The Two-Fold Mercy God Desires, Third Saturday of Lent, March 5, 2016

Fr. Roger J. Landry
Visitation Convent of the Sisters of Life, Manhattan
Saturday of the Third Week of Lent
March 5, 2016
Hos 6:1-6, Ps 51, Lk 18:9-14


To listen to an audio recording of today’s homily, please click below: 


The following points were attempted in this homily: 

  •  “I desire mercy!” Those words that God says to us today through the Prophet Hosea and that we repeat in the Responsorial Psalm easily could be the theme of this extraordinary Jubilee of Mercy. God desires mercy! He desires it in two ways. First he desires to share with us his mercy. God’s greatest joy is forgiving, Pope Francis continually repeats, following what Jesus teaches us in the three parables of the Lost Sheep, Coin and Son. He wants us to receive that gift of his compassionate love. But he also desires us, having received it, to be transformed so that we, too, may pass on that mercy together with ours to others. He says he desires mercy instead of sacrifice, with sacrifice understood as the slaughtering of animals as an external act of repentance. The type of sacrifice he wants, we pray in today’s Psalm, is a “contrite spirit,” for “a heart contrite and humbled” God will never spurn. We seek to come before the Lord with that type of spirit and heart, made so by his mercy that wipes out our offenses, thoroughly washes us from our guilt and cleanses us of our sins.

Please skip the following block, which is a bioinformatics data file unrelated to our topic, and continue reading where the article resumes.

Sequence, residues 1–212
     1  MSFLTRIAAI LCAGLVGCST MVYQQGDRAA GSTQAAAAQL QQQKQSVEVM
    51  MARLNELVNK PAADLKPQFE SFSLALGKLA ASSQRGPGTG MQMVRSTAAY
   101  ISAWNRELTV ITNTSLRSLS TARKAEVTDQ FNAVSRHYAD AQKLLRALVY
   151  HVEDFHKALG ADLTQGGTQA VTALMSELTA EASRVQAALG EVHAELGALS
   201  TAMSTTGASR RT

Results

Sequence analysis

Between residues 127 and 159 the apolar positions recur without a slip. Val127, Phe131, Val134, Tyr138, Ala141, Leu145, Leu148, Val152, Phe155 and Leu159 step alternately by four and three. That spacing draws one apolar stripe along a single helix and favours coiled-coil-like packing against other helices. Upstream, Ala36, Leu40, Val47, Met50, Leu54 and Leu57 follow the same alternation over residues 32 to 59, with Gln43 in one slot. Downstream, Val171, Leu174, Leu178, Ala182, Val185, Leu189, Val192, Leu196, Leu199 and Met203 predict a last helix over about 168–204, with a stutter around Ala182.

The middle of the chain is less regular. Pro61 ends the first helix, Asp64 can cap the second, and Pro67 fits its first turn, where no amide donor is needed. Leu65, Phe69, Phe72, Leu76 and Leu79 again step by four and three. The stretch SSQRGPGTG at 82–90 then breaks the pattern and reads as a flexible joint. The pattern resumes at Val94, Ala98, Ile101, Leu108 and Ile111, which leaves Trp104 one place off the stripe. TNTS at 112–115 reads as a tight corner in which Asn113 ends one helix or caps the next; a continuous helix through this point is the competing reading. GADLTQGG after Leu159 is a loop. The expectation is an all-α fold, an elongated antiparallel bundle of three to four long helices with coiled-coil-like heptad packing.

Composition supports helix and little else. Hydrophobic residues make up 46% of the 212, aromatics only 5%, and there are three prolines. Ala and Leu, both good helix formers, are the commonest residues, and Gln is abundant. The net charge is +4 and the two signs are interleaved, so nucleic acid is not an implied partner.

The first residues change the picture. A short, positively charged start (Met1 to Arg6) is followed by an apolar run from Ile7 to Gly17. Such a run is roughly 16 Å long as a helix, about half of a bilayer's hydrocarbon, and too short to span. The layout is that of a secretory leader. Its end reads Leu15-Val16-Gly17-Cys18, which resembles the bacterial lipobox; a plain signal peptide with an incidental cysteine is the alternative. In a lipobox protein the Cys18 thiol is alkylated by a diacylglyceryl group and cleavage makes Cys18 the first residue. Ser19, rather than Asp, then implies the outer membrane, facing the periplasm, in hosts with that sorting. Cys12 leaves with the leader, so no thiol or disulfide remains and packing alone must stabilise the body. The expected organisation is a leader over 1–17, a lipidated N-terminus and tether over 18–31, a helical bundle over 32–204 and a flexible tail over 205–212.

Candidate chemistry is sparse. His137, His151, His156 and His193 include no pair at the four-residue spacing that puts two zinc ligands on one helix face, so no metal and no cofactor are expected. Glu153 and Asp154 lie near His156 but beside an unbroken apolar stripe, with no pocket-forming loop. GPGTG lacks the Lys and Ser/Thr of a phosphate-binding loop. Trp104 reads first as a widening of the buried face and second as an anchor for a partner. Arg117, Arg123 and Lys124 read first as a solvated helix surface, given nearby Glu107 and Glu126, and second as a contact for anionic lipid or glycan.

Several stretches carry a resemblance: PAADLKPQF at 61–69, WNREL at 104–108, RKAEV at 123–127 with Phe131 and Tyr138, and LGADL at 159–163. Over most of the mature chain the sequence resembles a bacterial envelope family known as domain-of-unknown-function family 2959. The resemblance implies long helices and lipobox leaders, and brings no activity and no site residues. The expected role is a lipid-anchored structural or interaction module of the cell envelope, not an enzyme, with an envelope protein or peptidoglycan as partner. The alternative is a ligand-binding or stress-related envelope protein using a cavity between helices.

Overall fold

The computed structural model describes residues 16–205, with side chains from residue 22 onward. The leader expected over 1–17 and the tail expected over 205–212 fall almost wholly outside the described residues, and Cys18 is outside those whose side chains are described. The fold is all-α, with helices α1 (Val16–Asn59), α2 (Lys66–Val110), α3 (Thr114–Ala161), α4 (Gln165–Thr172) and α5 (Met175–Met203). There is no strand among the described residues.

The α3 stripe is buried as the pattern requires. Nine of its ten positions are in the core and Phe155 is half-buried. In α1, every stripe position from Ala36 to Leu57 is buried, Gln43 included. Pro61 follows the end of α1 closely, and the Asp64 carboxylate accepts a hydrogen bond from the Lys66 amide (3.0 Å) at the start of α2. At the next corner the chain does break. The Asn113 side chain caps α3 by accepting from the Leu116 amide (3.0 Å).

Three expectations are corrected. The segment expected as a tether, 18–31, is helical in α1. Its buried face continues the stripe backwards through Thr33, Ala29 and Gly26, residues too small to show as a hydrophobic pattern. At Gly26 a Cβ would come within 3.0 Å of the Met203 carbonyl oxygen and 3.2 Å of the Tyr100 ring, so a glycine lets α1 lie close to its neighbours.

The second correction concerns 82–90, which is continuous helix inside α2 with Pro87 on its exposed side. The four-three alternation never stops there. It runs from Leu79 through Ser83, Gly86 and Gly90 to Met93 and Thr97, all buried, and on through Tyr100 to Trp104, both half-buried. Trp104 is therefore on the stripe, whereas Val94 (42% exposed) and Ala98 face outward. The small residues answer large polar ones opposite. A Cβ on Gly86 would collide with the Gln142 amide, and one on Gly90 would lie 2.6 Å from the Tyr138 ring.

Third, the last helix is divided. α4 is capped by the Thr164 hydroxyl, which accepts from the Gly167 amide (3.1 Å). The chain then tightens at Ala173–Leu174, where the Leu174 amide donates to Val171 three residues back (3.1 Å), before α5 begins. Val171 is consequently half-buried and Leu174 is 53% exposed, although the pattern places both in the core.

• Today’s famous Parable of the Pharisee and Publican is one of Jesus’ most powerful illustrations of how God’s desire is to justify us through his mercy. In the parable, Jesus describes two men who went up to the temple to pray. The first man was a Pharisee. He prayed, “Thank you, God, that I am not like the rest of humanity — greedy, dishonest, adulterous — or even like this tax collector. I fast twice a week, and I pay tithes on my whole income.” The man was what most people would deem today a good religious man. He was regularly climbing up to Jerusalem on foot to the temple to pray. He, like his fellow Pharisees, was going far beyond the minimum in the practice of the faith. Whereas Jews were required to fast only once a year on the Day of Atonement, the Pharisees fasted twice a week. Whereas Jews needed to tithe only certain things, he tithed on his whole income. He was outwardly a religious role model, but inwardly there was something drastically wrong in his conception of God, his conception of the faith, and his conception of others. He didn’t relate to God as one in need of his mercy and he seemed to have little mercy for others. The first clue is that Jesus said, “He spoke this prayer to himself.” That doesn’t mean that he simply said it quietly so that he alone could hear, but, in a sense, he was praying that prayer to himself, that he was something special. He thanked God that he was not like so many other spiritual “losers,” who were thieves, rogues, adulterers and publicans. He rejoiced in what he saw was his virtue, but what he failed to recognize was that he was proud, judgmental, vain, boastful and uncharitable. He failed to see his own sinfulness. He failed to ask God for mercy, because he didn’t think he needed it. He was satisfied with saying his prayers, giving his tithes, completing his fasts, rather than recognizing that the Lord was trying to rend him so that he might receive mercy and then share that mercy with others, including the tax collector praying behind him. But compared to so many around him, and the other person praying in the temple, the Pharisee considered himself a saint among sinners.